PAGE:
Murad Essential-C Day Moisture Broad Spectrum SPF 30 PA++ ($65)
A part of me is still balking at the price of this moisturizer, but I’ve been applying it daily from a single tube for over six months and have seen a noticeable improvement in my acne-prone skin’s clarity and hydration—the latter of which is super important when living in a dry climate like Santa Fe, as most moisturizers are either not hydrating enough or leave my face oily after hours of wear. The Essential-C strikes the perfect balance and also contains that all-important desert ingredient: SPF 30. I’ve found that it provides enough everyday protection from sun damage, but if I’m doing any lengthy activities outside, I layer up with Supergoop’s Superscreen SPF 40. —K.L.
The North Face Women’s Flight Futurelight Jacket ($280)
I’ve never been much of a runner, but a pandemic winter and a lackluster early-snow season drove me to the trails for some much needed cardio. The Flight Futurelight jacket has been my partner on every run recently. The soft, stretchy, wind- and waterproof fabric keeps chill and flurries at bay, and even on freezing mornings, I was warm enough with just a base layer beneath it (good thing, too, as its sleek fit won’t accommodate much more). On a warmer afternoon jog, it was extremely breathable and comfortable over a tank. If I do get too hot, the jacket folds into its roomy back zip pocket, which has a shock-cord handle inside for easy carrying in your palm. —Maren Larsen, assistant editor
Leki MCT 12 Vario Poles ($250)
During this warm, dry winter, the MCT 12 Vario poles have been my go-to for long, steep trail runs in variable conditions. Here in Santa Fe, my favorite running routes often have frozen northern aspects and completely dry southern ones. Micro spikes are great if most of the run will be icy but are overkill if I’m just traversing the occasional slick patch. These poles give me peace of mind in those areas, thanks to the two other points of contact that keep me from falling. They’re extremely light (200 grams), easy to adjust, and feature Leki’s top-notch quick-release strap system for times when you need to set them down to get something out of your hydration vest. I’m training for a Grand Canyon rim-to-rim-to-rim this year (COVID pending), and these poles will be my support on that journey. —Will Taylor, gear director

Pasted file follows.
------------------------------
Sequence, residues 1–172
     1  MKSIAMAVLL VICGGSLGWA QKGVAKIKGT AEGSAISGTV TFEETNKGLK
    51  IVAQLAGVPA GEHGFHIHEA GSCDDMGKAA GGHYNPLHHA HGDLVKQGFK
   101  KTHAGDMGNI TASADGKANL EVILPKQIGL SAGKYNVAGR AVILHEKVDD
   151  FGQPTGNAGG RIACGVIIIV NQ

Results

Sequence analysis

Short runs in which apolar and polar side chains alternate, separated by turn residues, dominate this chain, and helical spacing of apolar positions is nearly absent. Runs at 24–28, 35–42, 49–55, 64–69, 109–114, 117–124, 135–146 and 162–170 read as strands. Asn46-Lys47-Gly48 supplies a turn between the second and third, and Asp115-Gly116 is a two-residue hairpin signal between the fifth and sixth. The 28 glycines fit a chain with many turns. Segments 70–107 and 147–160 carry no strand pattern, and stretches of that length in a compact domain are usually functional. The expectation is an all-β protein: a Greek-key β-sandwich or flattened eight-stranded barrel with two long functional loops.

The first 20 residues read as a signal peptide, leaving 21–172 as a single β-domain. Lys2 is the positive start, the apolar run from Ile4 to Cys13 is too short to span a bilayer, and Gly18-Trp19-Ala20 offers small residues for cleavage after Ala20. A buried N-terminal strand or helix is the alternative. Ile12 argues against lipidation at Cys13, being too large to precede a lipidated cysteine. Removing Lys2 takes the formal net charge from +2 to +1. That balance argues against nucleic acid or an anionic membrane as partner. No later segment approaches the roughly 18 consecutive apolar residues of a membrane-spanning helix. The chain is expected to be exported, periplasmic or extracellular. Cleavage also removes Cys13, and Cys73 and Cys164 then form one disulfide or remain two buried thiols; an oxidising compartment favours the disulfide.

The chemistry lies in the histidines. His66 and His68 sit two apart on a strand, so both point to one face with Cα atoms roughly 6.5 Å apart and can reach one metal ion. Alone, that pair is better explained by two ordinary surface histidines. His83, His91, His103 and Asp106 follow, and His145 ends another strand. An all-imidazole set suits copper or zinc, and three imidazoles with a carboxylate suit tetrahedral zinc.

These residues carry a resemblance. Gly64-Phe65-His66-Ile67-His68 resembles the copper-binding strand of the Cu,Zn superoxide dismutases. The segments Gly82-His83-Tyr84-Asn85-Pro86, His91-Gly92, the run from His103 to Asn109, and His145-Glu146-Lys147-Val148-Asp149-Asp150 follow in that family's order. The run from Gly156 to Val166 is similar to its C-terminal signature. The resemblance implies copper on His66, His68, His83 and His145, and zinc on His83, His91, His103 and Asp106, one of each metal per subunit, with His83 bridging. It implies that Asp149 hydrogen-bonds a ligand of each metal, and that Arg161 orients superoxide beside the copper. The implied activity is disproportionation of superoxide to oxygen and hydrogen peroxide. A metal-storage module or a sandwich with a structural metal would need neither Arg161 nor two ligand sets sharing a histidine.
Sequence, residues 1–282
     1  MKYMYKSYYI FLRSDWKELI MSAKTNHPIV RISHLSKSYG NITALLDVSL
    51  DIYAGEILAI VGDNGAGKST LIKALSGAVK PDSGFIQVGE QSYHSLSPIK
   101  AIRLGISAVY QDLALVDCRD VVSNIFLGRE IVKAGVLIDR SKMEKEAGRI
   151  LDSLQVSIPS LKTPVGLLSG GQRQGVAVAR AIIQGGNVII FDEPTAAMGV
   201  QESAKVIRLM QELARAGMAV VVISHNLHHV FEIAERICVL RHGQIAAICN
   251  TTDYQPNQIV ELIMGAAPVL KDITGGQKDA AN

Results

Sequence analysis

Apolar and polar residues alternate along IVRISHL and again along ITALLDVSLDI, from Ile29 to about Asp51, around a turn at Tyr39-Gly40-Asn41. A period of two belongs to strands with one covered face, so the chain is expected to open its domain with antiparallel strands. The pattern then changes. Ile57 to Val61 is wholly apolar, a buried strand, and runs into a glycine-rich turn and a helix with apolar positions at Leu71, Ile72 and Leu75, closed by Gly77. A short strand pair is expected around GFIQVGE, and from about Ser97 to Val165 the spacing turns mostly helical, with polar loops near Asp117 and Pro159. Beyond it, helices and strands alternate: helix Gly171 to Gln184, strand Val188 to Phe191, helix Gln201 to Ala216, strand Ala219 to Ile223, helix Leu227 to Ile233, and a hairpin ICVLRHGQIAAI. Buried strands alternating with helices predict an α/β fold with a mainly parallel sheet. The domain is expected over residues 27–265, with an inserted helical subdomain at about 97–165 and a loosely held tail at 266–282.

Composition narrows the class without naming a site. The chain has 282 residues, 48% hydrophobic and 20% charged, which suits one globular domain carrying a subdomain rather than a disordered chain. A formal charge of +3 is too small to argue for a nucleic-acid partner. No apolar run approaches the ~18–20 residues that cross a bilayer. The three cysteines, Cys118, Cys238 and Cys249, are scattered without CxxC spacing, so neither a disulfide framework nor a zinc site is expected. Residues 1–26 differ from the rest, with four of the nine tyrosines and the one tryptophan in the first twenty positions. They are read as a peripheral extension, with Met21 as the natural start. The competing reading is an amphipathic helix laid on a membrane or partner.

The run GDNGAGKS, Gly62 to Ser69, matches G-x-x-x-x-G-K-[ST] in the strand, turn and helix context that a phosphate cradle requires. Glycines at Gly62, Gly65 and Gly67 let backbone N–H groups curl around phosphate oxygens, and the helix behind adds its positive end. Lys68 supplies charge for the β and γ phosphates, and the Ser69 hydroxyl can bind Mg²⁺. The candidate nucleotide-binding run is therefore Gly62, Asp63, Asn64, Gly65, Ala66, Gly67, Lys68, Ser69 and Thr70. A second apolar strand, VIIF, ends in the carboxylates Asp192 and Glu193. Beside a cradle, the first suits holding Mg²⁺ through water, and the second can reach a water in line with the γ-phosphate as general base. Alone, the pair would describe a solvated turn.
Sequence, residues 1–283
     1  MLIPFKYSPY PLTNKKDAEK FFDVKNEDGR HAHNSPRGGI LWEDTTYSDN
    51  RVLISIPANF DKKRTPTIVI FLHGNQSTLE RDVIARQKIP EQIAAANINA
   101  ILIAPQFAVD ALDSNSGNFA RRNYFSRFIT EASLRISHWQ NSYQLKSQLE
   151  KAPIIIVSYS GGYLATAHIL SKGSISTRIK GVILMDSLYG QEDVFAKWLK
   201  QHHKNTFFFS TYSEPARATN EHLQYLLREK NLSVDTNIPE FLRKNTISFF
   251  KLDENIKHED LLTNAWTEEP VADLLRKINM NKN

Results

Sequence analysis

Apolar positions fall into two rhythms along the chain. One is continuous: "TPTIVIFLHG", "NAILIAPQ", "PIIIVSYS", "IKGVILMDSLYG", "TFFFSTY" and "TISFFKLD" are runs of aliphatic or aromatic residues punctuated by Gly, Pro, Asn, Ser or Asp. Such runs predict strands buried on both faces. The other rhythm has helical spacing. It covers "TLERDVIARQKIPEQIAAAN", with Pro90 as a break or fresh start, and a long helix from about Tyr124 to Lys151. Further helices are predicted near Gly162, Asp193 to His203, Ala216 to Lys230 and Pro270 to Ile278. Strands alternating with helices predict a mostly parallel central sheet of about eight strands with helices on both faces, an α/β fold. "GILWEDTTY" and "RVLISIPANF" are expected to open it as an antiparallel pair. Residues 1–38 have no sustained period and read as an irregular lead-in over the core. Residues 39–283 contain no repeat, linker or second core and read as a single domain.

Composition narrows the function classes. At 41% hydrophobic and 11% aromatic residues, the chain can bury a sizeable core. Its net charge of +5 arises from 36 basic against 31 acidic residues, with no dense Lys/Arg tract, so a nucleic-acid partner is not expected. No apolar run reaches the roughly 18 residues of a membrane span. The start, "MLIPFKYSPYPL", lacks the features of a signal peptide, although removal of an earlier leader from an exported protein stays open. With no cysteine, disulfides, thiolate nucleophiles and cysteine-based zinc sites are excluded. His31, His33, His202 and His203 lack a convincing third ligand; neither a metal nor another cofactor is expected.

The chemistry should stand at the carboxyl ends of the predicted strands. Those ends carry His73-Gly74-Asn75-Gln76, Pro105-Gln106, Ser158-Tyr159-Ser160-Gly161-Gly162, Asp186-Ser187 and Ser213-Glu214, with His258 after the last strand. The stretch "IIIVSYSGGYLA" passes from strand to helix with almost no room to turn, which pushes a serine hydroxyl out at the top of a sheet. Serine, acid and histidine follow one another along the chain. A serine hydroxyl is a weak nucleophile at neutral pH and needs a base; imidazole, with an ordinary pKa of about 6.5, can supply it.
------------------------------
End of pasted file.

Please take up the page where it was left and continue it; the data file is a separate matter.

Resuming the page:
POC Essential Road Softshell Glove ($60)
These are the gloves I grab most when I head out the door to exercise. They’re designed for cycling, and I use them for mountain or gravel riding when the temperatures drop down to about 45 degrees (they’re not insulated, so I wear something warmer when it gets colder than that). They’re also great for running in 20-degree weather, since I’m creating more body heat. The soft-shell backing blocks chilly winds, silicone grips improve control of my handlebars, and they work well with touchscreens. They’re also durable—I’ve been putting them through the wringer since last spring, and after a lot of sweat and abuse, they still look as good as new when they come out of the wash. —W.T.
Yeti Rambler 10-Ounce Lowball Tumbler ($15)
I’ve had my Rambler Lowball for at least three years. For most of that time, it traveled around with my camping kitchenware in the back of my truck, but since the pandemic hit and I’ve been driving a lot less, it’s found its way indoors. The Lowball is now my preferred container for morning coffee. In true Yeti fashion, its double-wall vacuum insulation keeps my drinks warmer than any mug I own. And the small size fits perfectly in my hand and helps me justify a third cup of coffee with zero guilt. —Abigail Wise, digital managing director